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Zsa Zsa Gabor and her 190 SL Mercedes at the Beverly Hills Hotel 1958 - Sid Avery - © Mark Shaw /mptvimages.com

Zsa Zsa Gabor and her 190 SL Mercedes at the Beverly Hills Hotel 1958 - Sid Avery - © Mark Shaw /mptvimages.com

SIDA 11

AU$1,650.00 - AU$6,650.00

Product Description

Available in the following sizes, by order only:

Silver Gelatin Print

11” x 14”, edition of 100, $1650
16” x 20”, edition of 100, $2150
20” x 24”, edition of 100, $2550
30” x 30”, edition of 15, $4200
40” x 40”, edition of 10, $5000
48” x 48”, edition of 5, $6650

Please contact us on 02-8356 9999 or email store@beckerminty.com for more information.

SID AVERY (1918-2002, American)

Sid Avery, a Hollywood photographer was known for capturing the private moments of stars like Elizabeth Taylor, Rock Hudson, James Dean and Audrey Hepburn.

His work in the 1950's and 60's was a departure from the glamorized, soft-focus portraits of an earlier Hollywood era when images of the stars were tightly controlled by the major studios. He showed celebrities on the movie set between takes and away from the job, relaxing with the family or engaged in household chores.

Among his candid photographs are ones of Marlon Brando taking out the garbage, Rock Hudson emerging from the shower to take a phone call and Audrey Hepburn riding her bike at Paramount Studios with a shaggy Yorkshire terrier in the basket.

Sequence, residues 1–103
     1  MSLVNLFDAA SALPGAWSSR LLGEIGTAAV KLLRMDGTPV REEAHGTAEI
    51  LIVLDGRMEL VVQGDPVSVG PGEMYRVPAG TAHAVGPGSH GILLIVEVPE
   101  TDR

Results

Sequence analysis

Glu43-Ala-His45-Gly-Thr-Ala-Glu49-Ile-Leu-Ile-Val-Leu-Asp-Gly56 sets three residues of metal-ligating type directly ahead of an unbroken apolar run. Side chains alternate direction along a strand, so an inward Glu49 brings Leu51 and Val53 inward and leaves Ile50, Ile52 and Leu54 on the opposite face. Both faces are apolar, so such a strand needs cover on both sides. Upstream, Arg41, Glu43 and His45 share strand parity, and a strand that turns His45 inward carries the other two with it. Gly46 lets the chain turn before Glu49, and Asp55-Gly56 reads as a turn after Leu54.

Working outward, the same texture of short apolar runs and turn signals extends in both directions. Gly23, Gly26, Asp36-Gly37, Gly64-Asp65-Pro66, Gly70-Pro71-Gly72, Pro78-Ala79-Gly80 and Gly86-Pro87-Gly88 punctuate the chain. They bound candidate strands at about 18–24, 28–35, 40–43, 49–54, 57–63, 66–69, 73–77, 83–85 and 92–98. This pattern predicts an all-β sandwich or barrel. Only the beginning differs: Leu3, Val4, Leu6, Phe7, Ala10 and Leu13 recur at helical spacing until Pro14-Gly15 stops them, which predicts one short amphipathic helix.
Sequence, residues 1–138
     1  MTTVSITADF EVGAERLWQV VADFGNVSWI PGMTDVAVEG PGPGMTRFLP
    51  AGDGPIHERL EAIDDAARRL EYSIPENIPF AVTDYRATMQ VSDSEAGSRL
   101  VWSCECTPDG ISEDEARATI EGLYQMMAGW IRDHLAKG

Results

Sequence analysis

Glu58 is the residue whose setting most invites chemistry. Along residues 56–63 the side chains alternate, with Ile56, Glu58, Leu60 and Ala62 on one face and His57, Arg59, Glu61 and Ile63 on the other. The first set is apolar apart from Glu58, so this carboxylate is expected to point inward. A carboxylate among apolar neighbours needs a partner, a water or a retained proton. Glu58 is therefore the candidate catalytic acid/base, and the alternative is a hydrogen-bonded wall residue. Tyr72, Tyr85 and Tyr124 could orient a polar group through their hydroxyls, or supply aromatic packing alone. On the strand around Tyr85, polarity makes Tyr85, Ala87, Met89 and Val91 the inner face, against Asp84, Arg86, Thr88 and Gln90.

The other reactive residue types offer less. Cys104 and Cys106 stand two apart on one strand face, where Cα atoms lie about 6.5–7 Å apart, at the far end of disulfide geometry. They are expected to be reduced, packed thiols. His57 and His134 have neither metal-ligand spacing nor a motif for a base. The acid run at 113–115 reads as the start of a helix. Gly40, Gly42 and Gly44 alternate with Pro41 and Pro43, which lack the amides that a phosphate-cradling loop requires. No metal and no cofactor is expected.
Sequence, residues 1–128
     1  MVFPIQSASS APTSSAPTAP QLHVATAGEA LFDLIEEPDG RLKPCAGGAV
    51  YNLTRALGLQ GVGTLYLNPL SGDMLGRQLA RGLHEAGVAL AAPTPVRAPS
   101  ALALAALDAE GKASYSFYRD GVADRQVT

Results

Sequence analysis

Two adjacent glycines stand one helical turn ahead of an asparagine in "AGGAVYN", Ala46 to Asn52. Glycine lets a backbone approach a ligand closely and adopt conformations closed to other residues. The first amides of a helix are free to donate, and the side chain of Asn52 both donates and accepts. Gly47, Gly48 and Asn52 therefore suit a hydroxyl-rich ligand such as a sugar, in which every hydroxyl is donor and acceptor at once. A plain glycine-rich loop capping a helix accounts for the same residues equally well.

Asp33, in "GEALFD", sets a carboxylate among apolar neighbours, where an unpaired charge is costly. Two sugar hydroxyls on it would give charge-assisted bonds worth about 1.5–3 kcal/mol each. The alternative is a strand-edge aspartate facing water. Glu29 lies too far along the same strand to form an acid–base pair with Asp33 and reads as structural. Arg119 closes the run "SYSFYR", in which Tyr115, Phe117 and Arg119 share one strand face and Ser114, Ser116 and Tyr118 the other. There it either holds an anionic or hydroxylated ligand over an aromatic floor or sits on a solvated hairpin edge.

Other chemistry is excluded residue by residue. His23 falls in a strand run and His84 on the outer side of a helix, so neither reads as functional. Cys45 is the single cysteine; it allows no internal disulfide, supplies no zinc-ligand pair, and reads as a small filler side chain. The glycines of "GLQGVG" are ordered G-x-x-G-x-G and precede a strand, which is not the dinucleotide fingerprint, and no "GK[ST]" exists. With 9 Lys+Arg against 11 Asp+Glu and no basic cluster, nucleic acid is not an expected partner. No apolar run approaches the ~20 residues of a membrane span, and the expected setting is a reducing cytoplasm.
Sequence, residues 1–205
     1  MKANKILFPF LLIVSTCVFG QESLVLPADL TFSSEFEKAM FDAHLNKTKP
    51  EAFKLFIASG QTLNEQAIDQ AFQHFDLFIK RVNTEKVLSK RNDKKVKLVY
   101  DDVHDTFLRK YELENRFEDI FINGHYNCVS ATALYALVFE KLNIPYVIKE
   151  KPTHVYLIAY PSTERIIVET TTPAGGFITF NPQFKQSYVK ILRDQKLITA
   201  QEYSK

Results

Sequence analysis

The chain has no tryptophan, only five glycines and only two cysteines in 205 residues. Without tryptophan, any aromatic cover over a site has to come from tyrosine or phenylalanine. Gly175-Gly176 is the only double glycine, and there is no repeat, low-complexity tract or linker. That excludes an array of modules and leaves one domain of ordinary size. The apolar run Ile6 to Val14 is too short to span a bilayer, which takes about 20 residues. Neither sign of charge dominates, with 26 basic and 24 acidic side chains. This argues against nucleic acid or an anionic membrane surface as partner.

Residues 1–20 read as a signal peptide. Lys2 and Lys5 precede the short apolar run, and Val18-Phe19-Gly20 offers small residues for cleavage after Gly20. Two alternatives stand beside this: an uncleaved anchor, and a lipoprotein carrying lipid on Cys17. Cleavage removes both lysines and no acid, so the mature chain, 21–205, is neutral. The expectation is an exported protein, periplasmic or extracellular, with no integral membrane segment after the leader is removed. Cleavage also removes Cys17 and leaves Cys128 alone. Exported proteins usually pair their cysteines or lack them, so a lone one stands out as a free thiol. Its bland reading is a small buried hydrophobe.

The established stars, used to the old system, were not easily convinced to let a photographer document them in their unvarnished private lives, but Avery succeeded where others failed—he managed to get in where no one else could—and he soon became the man magazine editors and art directors called on for their candid photo layouts. Avery’s most effective tool was not his technical skill as a photographer, but his personality. His friendly, unassuming style put his subjects at ease and made them open up.

Among Avery’s first odd jobs as a young man was that of taking glamour shots of the chorus girls at Earl Carroll’s Vanities and the Florentine Gardens. When drafted into the Army, Avery was assigned to the Signal Corps and selected to receive six months of training at LIFE in New York before being sent overseas. Stationed in London, he was placed in charge of the Army Pictorial Service Laboratory, where all the still and combat footage coming out of the European theater passed through his hands. When Avery returned to Hollywood after the war, he was ready for the photo journalism boom. Avery eventually became one of the top advertising photographers in Los Angeles, moving from still photography into directing television commercials and receiving numerous awards.

In the eighties, Avery redirected his energies toward preserving the history of Hollywood as depicted in still photography, founding the non-profit Hollywood Photographers Archive which was donated to the Los Angeles County Museum of Art and the Academy of Motion Picture Arts. Avery then rebuilt the collection which still thrives today, the Motion Picture and Television Photo Archive (mptv Images), representing over fifty of Hollywood’s best-known photographers. Avery’s photographs have been exhibited all over the world, from Australia to Japan to England and throughout Europe.